NASA's Plan for What to Do if an Astronaut Loses It in Space
Admit it: There’s something a little bit unnerving about the prospect of floating around in a teeny, tiny container as you hurtle into the infinite abyss. But despite the extremely close quarters—and the isolation, and the darkness—involved in space travel, there are no records of astronauts behaving violently, either towards themselves or their fellow crew members, while on a mission. (That’s probably thanks to NASA’s intense psychological screening process.)
Should that streak ever come to an end, NASA has a plan in place. An admittedly low-tech one, but it’s something.
According to documents obtained by the Associated Press back in 2007—that’s when, if you recall, Captain Lisa Nowak was arrested in Orlando, Florida, for attempted murder—if an astronaut has a psychotic break or behaves in a suicidal or homicidal manner, crew members are asked to carry out a three-part procedure. First, they're supposed to bind his or her wrists and ankles with duct tape. Next, they're instructed to use a bungee cable to tie him or her down. Finally, the instructions say to inject the individual with tranquilizers.
“Talk with the patient while you are restraining him,” the text advises. “Explain what you are doing, and that you are using a restraint to ensure he is safe.”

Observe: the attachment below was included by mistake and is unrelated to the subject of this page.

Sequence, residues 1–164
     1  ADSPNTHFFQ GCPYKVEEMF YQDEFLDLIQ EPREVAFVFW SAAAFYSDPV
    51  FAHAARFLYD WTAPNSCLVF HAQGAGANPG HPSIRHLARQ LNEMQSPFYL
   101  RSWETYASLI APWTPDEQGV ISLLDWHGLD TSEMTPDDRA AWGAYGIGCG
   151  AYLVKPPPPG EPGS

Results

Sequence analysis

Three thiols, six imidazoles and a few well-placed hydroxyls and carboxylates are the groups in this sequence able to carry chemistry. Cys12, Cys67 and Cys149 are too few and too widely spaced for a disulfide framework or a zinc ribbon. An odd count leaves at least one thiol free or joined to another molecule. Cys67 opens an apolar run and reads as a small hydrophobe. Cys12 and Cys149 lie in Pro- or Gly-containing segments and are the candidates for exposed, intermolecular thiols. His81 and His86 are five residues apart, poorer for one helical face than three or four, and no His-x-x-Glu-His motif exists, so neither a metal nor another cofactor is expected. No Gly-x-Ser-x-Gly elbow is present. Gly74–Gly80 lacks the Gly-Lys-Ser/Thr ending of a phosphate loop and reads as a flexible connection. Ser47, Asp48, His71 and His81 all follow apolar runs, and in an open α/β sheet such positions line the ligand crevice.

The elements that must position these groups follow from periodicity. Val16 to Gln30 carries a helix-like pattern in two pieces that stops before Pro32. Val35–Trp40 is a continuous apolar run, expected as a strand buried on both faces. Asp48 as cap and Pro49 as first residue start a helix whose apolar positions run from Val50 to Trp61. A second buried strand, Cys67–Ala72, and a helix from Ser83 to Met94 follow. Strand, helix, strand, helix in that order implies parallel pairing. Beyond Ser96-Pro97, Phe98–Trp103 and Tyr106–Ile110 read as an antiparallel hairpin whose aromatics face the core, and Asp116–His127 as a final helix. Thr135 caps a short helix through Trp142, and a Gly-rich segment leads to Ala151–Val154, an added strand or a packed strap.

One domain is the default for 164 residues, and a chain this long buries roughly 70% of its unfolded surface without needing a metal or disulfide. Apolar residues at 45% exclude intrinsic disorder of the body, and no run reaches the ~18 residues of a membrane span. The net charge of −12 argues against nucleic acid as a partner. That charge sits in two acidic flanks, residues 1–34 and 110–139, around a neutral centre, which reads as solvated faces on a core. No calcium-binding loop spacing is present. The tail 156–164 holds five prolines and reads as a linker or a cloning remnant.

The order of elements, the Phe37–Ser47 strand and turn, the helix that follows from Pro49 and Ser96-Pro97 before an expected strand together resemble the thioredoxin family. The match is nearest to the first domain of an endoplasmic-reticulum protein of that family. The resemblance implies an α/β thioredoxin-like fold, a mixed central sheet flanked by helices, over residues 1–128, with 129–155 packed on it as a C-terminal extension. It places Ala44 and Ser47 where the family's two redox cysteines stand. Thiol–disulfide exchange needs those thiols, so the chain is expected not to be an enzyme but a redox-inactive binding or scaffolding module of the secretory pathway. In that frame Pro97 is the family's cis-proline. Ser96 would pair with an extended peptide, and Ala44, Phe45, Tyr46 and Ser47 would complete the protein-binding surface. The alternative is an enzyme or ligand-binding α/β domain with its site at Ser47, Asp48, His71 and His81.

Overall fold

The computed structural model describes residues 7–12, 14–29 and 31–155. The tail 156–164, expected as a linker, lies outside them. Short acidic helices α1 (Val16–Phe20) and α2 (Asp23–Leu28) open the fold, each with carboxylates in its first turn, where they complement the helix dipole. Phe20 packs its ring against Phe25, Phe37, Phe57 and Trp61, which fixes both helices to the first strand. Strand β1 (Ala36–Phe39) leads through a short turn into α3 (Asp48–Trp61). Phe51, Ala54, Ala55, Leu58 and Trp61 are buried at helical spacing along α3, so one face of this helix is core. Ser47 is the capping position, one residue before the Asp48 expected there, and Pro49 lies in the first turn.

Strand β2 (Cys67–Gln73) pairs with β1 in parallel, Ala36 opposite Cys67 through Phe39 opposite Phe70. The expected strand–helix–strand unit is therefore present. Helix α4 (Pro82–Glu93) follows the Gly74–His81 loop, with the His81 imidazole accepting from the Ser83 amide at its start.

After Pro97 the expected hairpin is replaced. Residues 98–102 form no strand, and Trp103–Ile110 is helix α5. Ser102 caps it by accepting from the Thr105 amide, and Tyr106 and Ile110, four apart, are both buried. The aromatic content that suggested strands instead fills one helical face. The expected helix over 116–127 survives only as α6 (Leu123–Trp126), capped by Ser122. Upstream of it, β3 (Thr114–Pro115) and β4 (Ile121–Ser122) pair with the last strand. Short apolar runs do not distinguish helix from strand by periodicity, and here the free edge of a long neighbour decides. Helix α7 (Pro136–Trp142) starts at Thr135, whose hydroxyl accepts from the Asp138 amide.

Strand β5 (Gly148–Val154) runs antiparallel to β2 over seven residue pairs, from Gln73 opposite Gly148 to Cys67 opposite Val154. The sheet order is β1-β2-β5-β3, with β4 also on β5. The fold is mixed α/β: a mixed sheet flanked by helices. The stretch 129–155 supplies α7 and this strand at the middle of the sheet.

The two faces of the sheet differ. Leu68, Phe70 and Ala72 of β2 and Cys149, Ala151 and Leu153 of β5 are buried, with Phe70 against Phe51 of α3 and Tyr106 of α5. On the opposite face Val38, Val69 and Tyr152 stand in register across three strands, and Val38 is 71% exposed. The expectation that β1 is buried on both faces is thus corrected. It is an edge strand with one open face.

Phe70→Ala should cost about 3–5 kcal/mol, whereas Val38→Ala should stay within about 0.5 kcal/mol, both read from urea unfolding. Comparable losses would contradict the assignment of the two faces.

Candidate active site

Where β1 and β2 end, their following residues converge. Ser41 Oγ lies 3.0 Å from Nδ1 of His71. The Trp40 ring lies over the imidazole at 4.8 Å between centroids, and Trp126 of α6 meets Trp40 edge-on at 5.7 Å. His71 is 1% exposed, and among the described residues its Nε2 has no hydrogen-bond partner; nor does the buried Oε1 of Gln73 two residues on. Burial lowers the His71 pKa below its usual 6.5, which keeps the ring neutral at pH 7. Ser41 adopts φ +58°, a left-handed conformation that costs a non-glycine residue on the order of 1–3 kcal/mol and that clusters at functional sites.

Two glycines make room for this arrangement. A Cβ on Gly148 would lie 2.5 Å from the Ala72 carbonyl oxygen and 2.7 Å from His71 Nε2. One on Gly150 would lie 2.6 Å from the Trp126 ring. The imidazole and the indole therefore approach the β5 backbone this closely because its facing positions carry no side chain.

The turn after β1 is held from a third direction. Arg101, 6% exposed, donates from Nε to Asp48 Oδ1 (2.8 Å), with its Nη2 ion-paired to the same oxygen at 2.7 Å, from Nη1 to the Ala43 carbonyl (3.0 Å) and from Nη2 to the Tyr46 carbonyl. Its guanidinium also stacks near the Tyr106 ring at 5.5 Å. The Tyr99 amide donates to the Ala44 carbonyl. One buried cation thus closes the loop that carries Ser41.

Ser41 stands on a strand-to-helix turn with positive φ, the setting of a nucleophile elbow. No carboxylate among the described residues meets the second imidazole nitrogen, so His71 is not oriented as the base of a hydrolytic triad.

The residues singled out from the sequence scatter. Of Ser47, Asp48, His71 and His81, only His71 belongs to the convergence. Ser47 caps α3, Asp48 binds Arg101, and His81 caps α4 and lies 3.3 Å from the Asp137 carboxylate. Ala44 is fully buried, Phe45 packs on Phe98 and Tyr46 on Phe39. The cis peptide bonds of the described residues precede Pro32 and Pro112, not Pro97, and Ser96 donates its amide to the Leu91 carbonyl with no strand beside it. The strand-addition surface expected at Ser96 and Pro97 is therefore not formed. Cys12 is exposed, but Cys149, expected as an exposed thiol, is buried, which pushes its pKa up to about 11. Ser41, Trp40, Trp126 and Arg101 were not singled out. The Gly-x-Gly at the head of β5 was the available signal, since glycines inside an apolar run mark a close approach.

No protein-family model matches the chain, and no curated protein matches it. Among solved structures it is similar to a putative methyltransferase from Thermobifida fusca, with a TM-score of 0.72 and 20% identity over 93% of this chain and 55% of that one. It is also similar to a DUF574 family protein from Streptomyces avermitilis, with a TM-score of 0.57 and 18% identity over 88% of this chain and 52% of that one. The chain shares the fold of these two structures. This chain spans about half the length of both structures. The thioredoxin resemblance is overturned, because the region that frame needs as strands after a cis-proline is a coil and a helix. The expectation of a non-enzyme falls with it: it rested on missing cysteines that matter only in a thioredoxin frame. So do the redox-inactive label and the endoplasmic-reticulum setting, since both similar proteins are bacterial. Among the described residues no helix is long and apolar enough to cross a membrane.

Once he or she has been subdued, the crew’s commander is expected to consult with ground control to determine whether or not the shuttle should turn around and head home—or, for an astronaut assigned to the International Space Station, if he or she should be sent back to Earth.
First aid kits at the International Space Station come equipped with tranquilizers, anti-depression, anti-anxiety, and anti-psychotic medications. (On flights to and from the ISS, which generally take less than two weeks, kits contain anti-psychotics, but not antidepressants, which generally take a few weeks to begin working.) Once at the space station, astronauts are required to speak with a psychologist back on Earth twice a month.
The reasoning is that any serious psychological issues—such as the kind that would cause an astronaut to act out in a life-threatening manner—would take longer than two weeks to develop.
But just in case, there’s a safety net in place. And it’s made of duct tape.